Pokhara Street Festival Celebrates Cultural Fusion and Local Delicacies
The Pokhara Street Festival, organized by the Restaurant and Bar Association (REBAN), has been a recurring event since 2054 (Nepali calendar year). Initially conceptualized by Hari Prasad Gurung, the founding chairman of REBAN, the festival aimed to showcase local culture and delicacies to both domestic and foreign tourists.
Over its 25 years of existence, the festival has evolved into a celebration of cultural harmony, exhibiting various ethnicities' social cohesion and promoting cultural exchange. Gurung highlighted that the festival not only showcases traditional food and culture but also supports local artisans by commercializing their products.
The ongoing 25th edition of the festival was inaugurated with the slogan "Eat, Dance, and Revel on the Streets." Dhanraj Acharya, the Mayor of Pokhara Metropolitan City, initiated the festival, emphasizing its significance in promoting Pokhara as the 'tourism capital.'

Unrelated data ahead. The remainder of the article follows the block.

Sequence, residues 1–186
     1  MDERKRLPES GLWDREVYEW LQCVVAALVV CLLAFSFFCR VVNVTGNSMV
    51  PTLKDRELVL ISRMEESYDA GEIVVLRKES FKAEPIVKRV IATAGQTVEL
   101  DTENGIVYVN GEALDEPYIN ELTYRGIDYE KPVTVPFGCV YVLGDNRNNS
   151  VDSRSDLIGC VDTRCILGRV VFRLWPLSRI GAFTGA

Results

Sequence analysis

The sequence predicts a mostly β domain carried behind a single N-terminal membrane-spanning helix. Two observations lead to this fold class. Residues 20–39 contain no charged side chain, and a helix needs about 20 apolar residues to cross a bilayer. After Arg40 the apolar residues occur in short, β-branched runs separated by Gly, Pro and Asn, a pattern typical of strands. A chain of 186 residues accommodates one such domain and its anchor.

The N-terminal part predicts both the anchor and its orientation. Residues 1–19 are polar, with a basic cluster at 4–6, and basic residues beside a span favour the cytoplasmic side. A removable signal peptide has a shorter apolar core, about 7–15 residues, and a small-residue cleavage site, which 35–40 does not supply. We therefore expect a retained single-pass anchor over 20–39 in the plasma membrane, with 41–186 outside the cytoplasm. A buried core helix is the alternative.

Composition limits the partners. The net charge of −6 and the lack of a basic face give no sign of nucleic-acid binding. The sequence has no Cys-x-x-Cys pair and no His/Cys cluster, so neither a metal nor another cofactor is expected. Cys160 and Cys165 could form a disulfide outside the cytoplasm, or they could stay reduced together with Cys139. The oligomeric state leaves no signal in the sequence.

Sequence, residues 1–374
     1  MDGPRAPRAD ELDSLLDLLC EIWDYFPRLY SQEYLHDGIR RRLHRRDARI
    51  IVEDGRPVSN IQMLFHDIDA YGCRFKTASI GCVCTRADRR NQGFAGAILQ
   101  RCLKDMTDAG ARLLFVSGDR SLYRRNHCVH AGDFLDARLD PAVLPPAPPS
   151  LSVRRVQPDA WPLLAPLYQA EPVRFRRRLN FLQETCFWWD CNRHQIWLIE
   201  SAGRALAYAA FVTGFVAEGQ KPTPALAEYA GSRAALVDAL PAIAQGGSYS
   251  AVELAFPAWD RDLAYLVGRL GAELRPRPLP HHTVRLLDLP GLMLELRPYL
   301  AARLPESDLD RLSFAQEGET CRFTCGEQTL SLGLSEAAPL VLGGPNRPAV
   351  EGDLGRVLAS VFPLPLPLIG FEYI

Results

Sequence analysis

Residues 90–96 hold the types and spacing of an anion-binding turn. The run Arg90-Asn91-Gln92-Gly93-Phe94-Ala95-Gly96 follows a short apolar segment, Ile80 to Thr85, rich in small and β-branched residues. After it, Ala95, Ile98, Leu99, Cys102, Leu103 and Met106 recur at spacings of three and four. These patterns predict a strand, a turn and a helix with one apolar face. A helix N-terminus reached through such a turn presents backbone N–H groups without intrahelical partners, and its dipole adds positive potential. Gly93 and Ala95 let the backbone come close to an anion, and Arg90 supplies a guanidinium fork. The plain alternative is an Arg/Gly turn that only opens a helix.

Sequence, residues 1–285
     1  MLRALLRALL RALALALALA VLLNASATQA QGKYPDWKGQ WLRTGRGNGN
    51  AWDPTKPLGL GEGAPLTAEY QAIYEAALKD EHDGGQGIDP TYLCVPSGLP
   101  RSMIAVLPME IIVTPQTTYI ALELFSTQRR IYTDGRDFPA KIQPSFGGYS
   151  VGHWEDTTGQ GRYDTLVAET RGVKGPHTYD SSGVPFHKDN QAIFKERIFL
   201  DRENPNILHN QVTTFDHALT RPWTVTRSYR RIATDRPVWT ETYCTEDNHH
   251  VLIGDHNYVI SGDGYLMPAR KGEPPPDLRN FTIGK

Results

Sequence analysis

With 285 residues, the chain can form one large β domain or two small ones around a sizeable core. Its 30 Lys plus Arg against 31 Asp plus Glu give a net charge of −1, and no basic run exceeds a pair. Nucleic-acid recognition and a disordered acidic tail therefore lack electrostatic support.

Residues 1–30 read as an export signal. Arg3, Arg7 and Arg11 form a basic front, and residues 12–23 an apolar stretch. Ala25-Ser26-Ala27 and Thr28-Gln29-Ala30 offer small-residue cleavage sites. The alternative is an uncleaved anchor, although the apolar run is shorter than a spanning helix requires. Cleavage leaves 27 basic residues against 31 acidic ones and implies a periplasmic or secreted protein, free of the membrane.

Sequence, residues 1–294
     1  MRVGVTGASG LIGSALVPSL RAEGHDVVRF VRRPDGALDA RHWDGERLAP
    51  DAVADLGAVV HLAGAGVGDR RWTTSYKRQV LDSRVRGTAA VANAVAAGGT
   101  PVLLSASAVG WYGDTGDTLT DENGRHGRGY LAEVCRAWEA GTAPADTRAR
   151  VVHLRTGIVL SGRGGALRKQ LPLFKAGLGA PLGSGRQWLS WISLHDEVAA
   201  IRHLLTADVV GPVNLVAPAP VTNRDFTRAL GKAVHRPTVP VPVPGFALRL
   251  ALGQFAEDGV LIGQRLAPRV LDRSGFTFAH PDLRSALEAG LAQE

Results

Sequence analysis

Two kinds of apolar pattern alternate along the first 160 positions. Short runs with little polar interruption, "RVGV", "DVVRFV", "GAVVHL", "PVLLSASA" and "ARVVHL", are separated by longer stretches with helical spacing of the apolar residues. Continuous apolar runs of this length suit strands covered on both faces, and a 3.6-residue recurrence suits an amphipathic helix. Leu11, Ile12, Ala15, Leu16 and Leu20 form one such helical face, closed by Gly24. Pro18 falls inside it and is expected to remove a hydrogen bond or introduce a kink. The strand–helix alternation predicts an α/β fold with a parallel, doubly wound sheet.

The festival includes a range of cultural programs, showcasing diverse traditions, ethnic attire, and even international cuisine exhibitions. Various renowned personalities, including cultural experts and artists, were honored during the event.
Vishwaraj Paudel, the festival's coordinator, highlighted the inclusion of diverse events such as double song competitions, awareness-based street dramas, selfie booths, cultural displays, and evening concerts. Additionally, the festival emphasized Pokhara's tourism development, highlighting opportunities and challenges in the evolving tourism landscape.
Paudel also mentioned that around 500,000 visitors are estimated to attend the festival, which features over 30 types of local cuisines, contributing to the festival's success as a platform for cultural exchange and culinary delight.
The festival not only showcases cultural richness but also emphasizes the need for sustainable tourism, promoting local art, agriculture, and ecological conservation, aligning with Pokhara's evolving tourism scenario.